Colorado pot DUIs bill gets first OK at Capitol |

Colorado pot DUIs bill gets first OK at Capitol

Ivan Moreno
The Associated Press
Aspen, CO Colorado

DENVER – A proposal to set a blood-content threshold for what’s too high to drive got its first approval from Colorado lawmakers Thursday, making the state venture into an area few others have tested in the age of booming medical marijuana use.

The bill would allow prosecutors to charge a driver with driving under the influence if they test positive for 5 nanograms or more of THC, a level that would be the most liberal in statute in the country. Pennsylvania also has a 5 nanogram limit, it’s one that set by the state Health Department that can be used as evidence in driving violation cases. THC is the psychoactive ingredient in marijuana.

Supporters of House Bill 1261 said it’s a matter of public safety to have a standard of how much pot is too much to be able to drive.

“I think people forget that automobiles are one of the most significant killing machines on the face of the earth,” Tom Raynes, executive director of the Colorado District Attorney’s Council, said moments after the 6-2 committee vote. Several pot activists spoke against the bill, saying it would adversely impact medical marijuana users who may have a higher tolerance for the drug that would allow them to safely drive at the blood-content limit lawmakers are proposing to set. Opponents also worry that simply testing positive for that level of the drug would automatically lead to a conviction and not allow suspects to present evidence to rebut the case against them.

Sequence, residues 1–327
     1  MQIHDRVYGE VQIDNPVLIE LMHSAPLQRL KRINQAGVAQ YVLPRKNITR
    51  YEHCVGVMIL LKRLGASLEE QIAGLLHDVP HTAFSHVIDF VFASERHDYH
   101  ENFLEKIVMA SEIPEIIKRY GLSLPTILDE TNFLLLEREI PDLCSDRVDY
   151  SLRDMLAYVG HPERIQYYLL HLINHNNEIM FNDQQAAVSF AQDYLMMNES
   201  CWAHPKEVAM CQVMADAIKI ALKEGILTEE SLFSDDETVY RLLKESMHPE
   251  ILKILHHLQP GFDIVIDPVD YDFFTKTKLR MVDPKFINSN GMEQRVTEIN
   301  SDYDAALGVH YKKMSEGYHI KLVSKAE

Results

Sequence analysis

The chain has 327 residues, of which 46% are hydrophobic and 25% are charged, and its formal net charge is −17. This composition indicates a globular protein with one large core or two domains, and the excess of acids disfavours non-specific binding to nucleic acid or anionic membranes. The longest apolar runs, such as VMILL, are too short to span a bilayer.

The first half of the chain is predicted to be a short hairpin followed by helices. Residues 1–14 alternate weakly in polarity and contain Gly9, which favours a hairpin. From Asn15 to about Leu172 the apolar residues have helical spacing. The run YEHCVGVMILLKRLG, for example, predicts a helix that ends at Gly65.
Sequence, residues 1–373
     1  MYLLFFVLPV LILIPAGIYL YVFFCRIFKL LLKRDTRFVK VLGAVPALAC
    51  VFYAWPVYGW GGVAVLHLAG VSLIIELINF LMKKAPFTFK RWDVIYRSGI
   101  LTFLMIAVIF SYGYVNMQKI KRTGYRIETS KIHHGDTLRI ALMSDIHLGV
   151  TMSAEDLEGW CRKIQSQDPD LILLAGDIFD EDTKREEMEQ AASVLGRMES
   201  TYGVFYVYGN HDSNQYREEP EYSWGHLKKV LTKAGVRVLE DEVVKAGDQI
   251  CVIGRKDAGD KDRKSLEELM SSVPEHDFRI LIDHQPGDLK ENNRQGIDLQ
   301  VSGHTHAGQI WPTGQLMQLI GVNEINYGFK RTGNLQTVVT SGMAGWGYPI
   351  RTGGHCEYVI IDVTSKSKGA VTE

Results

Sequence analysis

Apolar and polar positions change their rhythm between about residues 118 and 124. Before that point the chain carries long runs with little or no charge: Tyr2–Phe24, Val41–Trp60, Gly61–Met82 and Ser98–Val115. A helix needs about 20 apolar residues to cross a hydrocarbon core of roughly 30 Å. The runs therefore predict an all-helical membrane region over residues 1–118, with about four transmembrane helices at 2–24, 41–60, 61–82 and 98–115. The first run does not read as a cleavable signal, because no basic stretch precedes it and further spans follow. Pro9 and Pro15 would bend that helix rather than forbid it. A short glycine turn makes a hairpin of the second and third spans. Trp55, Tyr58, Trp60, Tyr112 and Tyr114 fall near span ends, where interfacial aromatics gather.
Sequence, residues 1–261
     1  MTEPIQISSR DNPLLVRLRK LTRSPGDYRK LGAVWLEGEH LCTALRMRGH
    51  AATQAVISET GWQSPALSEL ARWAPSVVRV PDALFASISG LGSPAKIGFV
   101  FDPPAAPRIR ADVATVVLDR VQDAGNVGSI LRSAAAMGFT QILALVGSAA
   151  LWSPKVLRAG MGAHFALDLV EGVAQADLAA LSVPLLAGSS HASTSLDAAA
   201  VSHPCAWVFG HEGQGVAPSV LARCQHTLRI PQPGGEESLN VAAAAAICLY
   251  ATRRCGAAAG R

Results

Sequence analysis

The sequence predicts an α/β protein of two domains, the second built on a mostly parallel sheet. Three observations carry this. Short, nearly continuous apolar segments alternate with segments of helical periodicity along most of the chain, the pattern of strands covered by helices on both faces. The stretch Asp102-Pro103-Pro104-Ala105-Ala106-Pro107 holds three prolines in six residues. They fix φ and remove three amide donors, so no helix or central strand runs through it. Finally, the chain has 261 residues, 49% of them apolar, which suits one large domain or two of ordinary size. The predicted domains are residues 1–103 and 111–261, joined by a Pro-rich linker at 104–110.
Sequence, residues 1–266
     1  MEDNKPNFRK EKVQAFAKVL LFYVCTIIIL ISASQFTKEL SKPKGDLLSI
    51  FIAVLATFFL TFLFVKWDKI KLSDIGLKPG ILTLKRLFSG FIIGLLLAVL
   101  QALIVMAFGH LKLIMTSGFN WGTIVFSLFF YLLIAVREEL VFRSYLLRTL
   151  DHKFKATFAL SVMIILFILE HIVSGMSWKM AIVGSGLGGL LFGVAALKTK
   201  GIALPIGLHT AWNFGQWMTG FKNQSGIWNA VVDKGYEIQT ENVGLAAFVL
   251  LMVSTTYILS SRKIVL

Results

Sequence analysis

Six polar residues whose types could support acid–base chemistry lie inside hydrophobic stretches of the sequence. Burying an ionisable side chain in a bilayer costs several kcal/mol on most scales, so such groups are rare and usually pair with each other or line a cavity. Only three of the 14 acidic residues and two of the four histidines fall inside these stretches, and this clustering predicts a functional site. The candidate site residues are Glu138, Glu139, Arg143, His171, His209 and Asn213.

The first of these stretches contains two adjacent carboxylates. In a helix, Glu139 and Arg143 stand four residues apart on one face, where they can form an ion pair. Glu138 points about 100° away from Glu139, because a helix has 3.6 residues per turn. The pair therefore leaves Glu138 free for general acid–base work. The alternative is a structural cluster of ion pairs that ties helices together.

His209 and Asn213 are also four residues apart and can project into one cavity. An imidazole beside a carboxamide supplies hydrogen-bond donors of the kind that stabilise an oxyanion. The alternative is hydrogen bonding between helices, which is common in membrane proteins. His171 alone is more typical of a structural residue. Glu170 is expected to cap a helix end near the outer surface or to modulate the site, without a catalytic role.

“They have the potential of incriminating thousands of people who are innocent,” testified Max Montrose, a 22-year-old who told lawmakers he uses marijuana for medical purposes.

Colorado is one of 16 states with a medical marijuana law.

It’s already illegal to drive while impaired by drugs but states have taken different approaches to the issue and 12 states have taken a strict no-tolerance approach, making it illegal to drive with any presence of an illegal substance. States with that policy include Illinois, Arizona, and Rhode Island.

Nevada, which is one the states that allows medical marijuana, and Ohio have laws in their books that set a 2 nanogram THC limit for driving.

According to the National Highway Traffic Safety Administration, peak THC concentrations are present during the act of smoking and they generally fall to less than 5 nanograms within three hours.

Rep. Mark Waller, an El Paso County Republican who is co-sponsoring the bill, said there needs to be a limit for driving under the influence for marijuana, just like there is for alcohol.

“I think this is a pretty analogous issue here,” he said.

Rep. Claire Levy, a Boulder Democrat also sponsoring the bill, tried to reassure medical marijuana patients that this bill was not intended to unfairly target them. But the dozens of medical marijuana activists in the committee room didn’t buy it.

“Clearly, we see it as a witchhunt on medical marijuana patients,” said Laura Kriho, a spokeswoman for Colorado’s Cannabis Therapy Institute.

The bill faces several steps before it becomes law and it still faces another committee hearing before the full House debates it.

Read House Bill 1261:

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